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ORIGINAL ARTICLE
Year : 2019  |  Volume : 8  |  Issue : 1  |  Page : 222

Obesity and its association with chronic periodontitis: A cross-sectional study


1 Department of Periodontics, Yenepoya Dental College and Hospital, Mangalore, Karnataka, India
2 Department of Periodontics, Triveni Institute of Dental Sciences, Hospital and Research Centre, Bilaspur, Chhattisgarh, India

Correspondence Address:
Dr. Elashri Chatterjee
P/91, Parijaat Extensions, Bilaspur - 495 001, Chhattisgarh
India
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Source of Support: None, Conflict of Interest: None


DOI: 10.4103/jehp.jehp_40_19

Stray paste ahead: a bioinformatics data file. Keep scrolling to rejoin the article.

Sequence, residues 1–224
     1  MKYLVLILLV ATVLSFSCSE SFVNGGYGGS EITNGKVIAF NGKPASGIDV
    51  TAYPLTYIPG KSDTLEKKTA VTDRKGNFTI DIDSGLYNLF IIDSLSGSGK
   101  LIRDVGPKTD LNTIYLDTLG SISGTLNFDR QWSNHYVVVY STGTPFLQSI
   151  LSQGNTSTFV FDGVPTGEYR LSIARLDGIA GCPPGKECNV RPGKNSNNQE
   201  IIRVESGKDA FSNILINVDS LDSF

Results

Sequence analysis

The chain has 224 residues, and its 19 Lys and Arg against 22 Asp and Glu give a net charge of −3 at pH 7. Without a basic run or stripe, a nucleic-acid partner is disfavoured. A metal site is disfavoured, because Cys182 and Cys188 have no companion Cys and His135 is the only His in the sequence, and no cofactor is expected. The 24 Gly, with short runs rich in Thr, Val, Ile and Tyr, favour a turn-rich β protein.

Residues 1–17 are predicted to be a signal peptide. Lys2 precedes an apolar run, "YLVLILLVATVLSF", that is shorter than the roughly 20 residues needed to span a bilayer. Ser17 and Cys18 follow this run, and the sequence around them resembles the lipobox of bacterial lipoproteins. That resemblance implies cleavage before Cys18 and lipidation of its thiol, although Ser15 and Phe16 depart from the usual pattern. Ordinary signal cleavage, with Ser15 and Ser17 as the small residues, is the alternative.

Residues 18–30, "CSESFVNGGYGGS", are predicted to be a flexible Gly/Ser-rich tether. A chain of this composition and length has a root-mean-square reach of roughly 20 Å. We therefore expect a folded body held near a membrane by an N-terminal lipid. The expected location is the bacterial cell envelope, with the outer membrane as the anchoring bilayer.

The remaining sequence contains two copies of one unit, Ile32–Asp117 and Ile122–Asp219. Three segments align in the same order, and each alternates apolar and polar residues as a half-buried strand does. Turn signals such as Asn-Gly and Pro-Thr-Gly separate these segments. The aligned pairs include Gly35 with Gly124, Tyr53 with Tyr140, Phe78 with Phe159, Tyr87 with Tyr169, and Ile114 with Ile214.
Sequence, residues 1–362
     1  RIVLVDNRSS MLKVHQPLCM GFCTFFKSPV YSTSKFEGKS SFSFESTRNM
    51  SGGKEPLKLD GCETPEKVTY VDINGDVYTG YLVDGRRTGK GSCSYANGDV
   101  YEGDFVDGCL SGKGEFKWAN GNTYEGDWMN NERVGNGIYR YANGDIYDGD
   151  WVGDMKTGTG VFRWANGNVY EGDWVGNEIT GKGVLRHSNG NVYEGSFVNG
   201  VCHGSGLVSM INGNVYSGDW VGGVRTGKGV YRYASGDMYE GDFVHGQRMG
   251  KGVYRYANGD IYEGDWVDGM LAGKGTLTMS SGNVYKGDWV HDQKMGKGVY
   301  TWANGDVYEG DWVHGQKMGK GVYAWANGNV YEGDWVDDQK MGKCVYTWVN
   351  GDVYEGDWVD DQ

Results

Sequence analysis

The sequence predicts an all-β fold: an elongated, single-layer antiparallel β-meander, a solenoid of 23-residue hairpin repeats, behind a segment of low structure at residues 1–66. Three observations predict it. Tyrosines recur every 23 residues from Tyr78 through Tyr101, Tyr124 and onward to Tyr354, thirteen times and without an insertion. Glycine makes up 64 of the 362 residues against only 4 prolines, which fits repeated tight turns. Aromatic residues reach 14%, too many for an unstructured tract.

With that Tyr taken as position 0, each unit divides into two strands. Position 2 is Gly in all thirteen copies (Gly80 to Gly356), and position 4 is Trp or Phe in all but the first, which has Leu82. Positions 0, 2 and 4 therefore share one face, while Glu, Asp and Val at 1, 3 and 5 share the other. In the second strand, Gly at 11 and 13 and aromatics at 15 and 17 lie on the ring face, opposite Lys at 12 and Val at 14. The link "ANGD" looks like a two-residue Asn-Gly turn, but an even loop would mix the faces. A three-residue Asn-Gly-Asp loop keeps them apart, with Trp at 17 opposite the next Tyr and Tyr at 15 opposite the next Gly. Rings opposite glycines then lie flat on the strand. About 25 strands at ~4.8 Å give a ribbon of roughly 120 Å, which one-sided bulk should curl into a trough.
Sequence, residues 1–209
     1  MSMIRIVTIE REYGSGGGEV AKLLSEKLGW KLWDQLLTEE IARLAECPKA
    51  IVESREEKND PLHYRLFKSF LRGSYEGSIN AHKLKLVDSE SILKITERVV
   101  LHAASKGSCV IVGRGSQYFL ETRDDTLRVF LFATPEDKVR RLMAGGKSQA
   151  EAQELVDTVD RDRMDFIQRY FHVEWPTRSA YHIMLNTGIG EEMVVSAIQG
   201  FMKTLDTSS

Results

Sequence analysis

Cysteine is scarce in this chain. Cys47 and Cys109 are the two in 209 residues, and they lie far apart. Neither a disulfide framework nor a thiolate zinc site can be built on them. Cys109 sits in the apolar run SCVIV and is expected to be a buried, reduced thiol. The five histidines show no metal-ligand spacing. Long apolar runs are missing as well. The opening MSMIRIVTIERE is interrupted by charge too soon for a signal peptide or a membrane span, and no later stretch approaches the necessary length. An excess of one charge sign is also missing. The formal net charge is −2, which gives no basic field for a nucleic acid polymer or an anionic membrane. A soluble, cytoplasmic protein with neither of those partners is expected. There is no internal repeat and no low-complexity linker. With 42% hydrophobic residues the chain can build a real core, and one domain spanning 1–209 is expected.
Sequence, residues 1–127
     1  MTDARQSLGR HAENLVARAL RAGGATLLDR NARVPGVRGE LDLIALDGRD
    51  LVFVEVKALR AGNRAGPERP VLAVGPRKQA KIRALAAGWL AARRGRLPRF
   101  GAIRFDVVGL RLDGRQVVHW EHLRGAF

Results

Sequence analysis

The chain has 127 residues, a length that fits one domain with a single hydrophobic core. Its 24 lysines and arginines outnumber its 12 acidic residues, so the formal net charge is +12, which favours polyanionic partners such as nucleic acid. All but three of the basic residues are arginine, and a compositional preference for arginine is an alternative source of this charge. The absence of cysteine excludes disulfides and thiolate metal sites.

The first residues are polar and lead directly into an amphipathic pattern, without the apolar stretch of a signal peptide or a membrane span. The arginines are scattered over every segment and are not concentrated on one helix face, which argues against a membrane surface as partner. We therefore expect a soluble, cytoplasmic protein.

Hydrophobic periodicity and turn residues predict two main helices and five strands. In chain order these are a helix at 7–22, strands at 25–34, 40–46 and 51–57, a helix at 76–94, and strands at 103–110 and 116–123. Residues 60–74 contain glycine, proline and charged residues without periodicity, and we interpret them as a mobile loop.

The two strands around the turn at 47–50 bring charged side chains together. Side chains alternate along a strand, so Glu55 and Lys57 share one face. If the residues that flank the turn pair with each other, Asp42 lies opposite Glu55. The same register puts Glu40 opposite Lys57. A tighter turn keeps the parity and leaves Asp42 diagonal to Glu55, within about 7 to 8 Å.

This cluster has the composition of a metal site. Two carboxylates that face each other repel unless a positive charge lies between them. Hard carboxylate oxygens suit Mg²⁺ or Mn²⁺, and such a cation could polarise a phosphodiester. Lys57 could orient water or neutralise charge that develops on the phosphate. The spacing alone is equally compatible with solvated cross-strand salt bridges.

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BACKGROUND: Relationship among periodontitis, obesity, and chronic diseases may be multidirectional. Inflammatory diseases such as periodontitis induce the production of pro-inflammatory cytokines such as TNF-α, IL-1, and IL-6. It has been suggested that the secretion of TNF-α by adipose tissue triggered by lipopolysaccharides from periodontal Gram-negative bacteria promotes hepatic dyslipidemia and decreases insulin sensitivity. AIM: To study the association of obesity with the severity of periodontitis and to compare the blood glucose levels and plasma lipid profile in obese and non-obese subjects with chronic periodontitis. METHODOLOGY: A total of 84 systemically healthy subjects, aged 30–60 years, were included in the study. Periodontal status of the subjects was assessed by recording Community Periodontal Index (CPI) and Gingival Index (Loe and Silness, 1963). Body mass index (BMI) and waist circumference (WC) were used as measures to assess obesity. The fasting plasma lipids level and fasting blood glucose level were measured. Data were analyzed by unpaired 't'test, Fisher's Exact test, and Chi-square test. RESULTS: There was a statistically significant difference in Gingival Index and Community Periodontal Index between the obese and non-obese group. Total cholesterol, triglycerides, and low-density lipoprotein (LDL) levels showed significant difference between the two groups. There was no statistically significant difference in mean age, high-density lipoprotein (HDL) levels, and fasting blood glucose levels between the two groups. CONCLUSION: The present study showed a positive association between obesity and chronic periodontitis. Further long-term studies involving larger sample size are required to confirm this association.


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